Wake up, Polly Parrot.

 











The Lord Has No Clothes
by Brian Plante

By now, if you have any interest at all in it, you've already seen the movie Lord Of The Rings: The Fellowship Of The Ring. The movie has been getting rave reviews, and is a shoe-in for the Hugo award, and might even win an Oscar.

I suppose you liked the movie. I suppose you also liked the book before that. You probably suppose that I, a science fiction and fantasy author, must surely have also liked the movie and book.

I liked neither.

Oh, it wasn't a bad movie. The scenery was beautiful, the cinematography breath-taking, the special effects outstanding, and the acting solid. But at three hours long, it made my butt hurt, and we're probably still another five or six hours away from the tale's climax. Sorry, fantasy fans, but Tolkein's story is bloated and ponderous. I felt that way about the book, and the movie mirrors the same faults as its source material.

Part of the problem is the whole "fat fantasy trilogy" syndrome. Tolkein wrote LotR as a single, long novel, but the publisher forced him to break it up into three separate books. What the publisher should have done was make him cut it down to a much shorter, focused, single novel.

For better or worse, LotR set the standard for the modern fantasy story, so now nearly all such stories are trilogies, or even longer, and each book in the series is 500+ pages. I truly miss the days when books were usually singletons of 250 pages or so. I just don't believe that many authors can sustain my interest in a story for 1500 pages, and I am extremely reluctant to begin reading a new series if I know I'm going to have to read a handful of other volumes to complete the cycle.

Maybe it's just me. Fantasy fans love to lose themselves in a complex new world. I do, too, but I don't agree that you need 2000 pages to do it. There are lots of books in my "to be read" stack, and there's just not enough time to spend on these bloated multi-volume series.

The numbers show that I'm in the minority here. Fantasy series books are very popular these days, winning much shelf space away from science fiction books. Science fiction has been fighting back, bulking up most of the books far above the 250 pages that used to be normal, and turning stories that would have been singletons in years past into multi-volume cycles. Sure there were series books in the Golden Age (e.g. Asimov's Foundation series) but those books were usually shorter in length, and generally stood on their own two feet, without making you have to read all the other books in the series. Nowadays, publishers expect SF and fantasy authors to write series books. Three-book contracts are common because they don't want to spend money publicizing a book unless the same audience can be expected to follow along for volumes two and three.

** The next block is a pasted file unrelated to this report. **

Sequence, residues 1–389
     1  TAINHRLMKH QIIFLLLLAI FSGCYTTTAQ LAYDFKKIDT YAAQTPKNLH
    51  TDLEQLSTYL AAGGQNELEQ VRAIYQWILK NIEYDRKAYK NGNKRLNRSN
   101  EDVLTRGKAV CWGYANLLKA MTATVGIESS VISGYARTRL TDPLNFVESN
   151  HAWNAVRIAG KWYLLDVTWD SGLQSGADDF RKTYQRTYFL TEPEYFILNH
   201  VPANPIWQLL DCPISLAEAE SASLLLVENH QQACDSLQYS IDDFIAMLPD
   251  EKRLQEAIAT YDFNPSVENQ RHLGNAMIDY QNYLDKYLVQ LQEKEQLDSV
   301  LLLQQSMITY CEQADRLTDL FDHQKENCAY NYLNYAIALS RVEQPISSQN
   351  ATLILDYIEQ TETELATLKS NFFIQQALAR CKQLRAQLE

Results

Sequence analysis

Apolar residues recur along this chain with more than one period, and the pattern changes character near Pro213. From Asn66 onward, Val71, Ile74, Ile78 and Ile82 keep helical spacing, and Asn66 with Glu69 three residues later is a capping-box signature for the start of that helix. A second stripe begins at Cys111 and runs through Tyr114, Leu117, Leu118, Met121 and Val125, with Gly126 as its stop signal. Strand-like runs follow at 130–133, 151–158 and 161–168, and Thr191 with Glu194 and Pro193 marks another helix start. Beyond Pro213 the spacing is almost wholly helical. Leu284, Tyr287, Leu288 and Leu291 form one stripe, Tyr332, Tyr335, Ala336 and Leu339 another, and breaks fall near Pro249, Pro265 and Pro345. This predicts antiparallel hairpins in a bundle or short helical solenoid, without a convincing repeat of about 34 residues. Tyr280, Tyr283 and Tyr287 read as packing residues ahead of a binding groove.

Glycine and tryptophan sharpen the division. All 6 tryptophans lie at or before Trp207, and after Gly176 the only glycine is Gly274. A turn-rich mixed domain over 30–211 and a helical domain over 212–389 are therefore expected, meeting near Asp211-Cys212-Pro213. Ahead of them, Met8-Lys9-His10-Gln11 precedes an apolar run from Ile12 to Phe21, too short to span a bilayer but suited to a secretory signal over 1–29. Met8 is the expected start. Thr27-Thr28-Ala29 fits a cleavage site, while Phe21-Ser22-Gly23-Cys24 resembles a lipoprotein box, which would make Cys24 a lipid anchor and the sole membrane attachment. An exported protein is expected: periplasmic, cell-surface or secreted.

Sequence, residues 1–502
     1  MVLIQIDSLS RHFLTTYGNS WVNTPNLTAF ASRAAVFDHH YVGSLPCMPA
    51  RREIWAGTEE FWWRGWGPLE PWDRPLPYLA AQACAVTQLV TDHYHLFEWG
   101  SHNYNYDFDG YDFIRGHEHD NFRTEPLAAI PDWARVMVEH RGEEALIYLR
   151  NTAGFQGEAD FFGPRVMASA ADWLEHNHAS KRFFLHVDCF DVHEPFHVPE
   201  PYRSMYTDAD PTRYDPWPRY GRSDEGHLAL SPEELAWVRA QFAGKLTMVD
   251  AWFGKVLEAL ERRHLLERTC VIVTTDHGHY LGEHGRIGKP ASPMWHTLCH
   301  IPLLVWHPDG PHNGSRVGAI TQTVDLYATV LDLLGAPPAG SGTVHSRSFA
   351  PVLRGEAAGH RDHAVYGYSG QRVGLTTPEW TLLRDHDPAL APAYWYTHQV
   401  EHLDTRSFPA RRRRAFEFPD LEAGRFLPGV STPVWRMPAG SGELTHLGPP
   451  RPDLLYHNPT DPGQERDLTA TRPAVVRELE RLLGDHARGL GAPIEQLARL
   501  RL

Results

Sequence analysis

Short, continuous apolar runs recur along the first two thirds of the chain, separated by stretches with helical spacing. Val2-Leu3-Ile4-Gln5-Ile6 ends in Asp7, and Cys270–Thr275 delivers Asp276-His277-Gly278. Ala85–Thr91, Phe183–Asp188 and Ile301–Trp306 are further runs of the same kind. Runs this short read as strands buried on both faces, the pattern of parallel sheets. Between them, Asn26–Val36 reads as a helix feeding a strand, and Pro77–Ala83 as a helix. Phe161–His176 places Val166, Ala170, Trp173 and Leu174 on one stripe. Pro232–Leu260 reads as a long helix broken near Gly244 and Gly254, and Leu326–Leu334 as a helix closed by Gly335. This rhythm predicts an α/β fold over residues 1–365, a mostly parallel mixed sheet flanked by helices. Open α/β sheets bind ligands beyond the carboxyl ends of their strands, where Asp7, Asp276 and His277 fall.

Okay, back to the subject at hand: I was bored of the Rings. Tolkein used the episodic type of story similar to Homer's The Odyssey. The point of view character (Frodo/Odysseus) has a mission (destroy the ring/return home), but along the way meets a variety of people and places, battling enemies and befriending allies. It is a common story structure in fantasy, and to a lesser extent in SF (the "cosmic tour" books like Clarke's Rendezvous With Rama). I'm not usually satisfied with these odyssey stories, as their main purpose seems to be to delay the ending long enough to collect some minimum number of plot points. I don't get the feeling that the story is moving at all times to its conclusion. After Frodo and his buddies fight one monster, they move on -- to fight another, and another and another. At the end of the film, there's no real resolution; Frodo survives another battle and just walks off, presumably to set up for the next group of enemies or friends he'll meet in the next film. This is going to get pretty monotonous in that next movie, since it begins in the middle of the story, and won't really resolve anything. I think we can safely miss the middle movie altogether, and cut to the chase in the third film.

You don't agree? You loved the movie? Good for you. There are plenty of movies in the theaters and books in the bookstore, and not all of us will like the same ones. That's okay. Frankly I thought Monsters, Inc. was the best fantasy film of the year, beating out LotR, Harry Potter, Atlantis, Shrek, and Unbreakable. But so far, I haven't heard anyone in the media or any of the online places hang out say anything negative about LotR. I'm reminded of the fable of the con man who sold the king a suit of invisible clothing. As the con man explained, they were such fine clothes that only the smartest people could see them. I guess, then, I'm like the little boy at the parade who was the only one to speak up and admit that he couldn't see the king's clothing. I guess I'm the stupid one.

Copyright © 2002 Brian Plante

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